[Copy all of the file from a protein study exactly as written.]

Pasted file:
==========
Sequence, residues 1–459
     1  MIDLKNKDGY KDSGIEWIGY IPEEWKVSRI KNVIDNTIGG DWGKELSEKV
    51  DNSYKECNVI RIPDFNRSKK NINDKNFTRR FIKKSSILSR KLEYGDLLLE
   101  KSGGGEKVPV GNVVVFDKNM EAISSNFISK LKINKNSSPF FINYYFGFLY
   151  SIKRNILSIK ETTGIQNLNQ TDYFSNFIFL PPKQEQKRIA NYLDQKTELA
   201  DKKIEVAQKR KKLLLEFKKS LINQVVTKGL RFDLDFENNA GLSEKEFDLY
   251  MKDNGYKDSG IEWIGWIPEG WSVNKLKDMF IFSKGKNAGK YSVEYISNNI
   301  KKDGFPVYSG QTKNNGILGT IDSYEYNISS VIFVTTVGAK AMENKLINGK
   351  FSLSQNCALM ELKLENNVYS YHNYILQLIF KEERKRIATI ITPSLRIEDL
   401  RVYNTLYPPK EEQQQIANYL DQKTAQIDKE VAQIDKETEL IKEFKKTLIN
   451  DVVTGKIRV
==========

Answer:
Sequence, residues 1–459
     1  MIDLKNKDGY KDSGIEWIGY IPEEWKVSRI KNVIDNTIGG DWGKELSEKV
    51  DNSYKECNVI RIPDFNRSKK NINDKNFTRR FIKKSSILSR KLEYGDLLLE
   101  KSGGGEKVPV GNVVVFDKNM EAISSNFISK LKINKNSSPF FINYYFGFLY
   151  SIKRNILSIK ETTGIQNLNQ TDYFSNFIFL PPKQEQKRIA NYLDQKTELA
   201  DKKIEVAQKR KKLLLEFKKS LINQVVTKGL RFDLDFENNA GLSEKEFDLY
   251  MKDNGYKDSG IEWIGWIPEG WSVNKLKDMF IFSKGKNAGK YSVEYISNNI
   301  KKDGFPVYSG QTKNNGILGT IDSYEYNISS VIFVTTVGAK AMENKLINGK
   351  FSLSQNCALM ELKLENNVYS YHNYILQLIF KEERKRIATI ITPSLRIEDL
   401  RVYNTLYPPK EEQQQIANYL DQKTAQIDKE VAQIDKETEL IKEFKKTLIN
   451  DVVTGKIRV